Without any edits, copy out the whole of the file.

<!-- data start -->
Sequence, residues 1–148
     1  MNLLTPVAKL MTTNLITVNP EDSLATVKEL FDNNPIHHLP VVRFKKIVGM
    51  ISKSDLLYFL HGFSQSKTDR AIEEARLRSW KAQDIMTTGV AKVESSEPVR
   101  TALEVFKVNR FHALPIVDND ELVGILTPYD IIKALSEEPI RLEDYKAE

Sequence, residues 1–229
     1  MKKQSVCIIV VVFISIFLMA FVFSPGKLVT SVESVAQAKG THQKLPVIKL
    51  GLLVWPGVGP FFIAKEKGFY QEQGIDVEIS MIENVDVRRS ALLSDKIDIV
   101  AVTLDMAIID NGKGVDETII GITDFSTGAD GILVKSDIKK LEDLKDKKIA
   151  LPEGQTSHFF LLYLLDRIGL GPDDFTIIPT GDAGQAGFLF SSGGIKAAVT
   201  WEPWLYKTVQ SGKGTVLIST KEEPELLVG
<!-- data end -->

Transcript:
Sequence, residues 1–148
     1  MNLLTPVAKL MTTNLITVNP EDSLATVKEL FDNNPIHHLP VVRFKKIVGM
    51  ISKSDLLYFL HGFSQSKTDR AIEEARLRSW KAQDIMTTGV AKVESSEPVR
   101  TALEVFKVNR FHALPIVDND ELVGILTPYD IIKALSEEPI RLEDYKAE

Sequence, residues 1–229
     1  MKKQSVCIIV VVFISIFLMA FVFSPGKLVT SVESVAQAKG THQKLPVIKL
    51  GLLVWPGVGP FFIAKEKGFY QEQGIDVEIS MIENVDVRRS ALLSDKIDIV
   101  AVTLDMAIID NGKGVDETII GITDFSTGAD GILVKSDIKK LEDLKDKKIA
   151  LPEGQTSHFF LLYLLDRIGL GPDDFTIIPT GDAGQAGFLF SSGGIKAAVT
   201  WEPWLYKTVQ SGKGTVLIST KEEPELLVG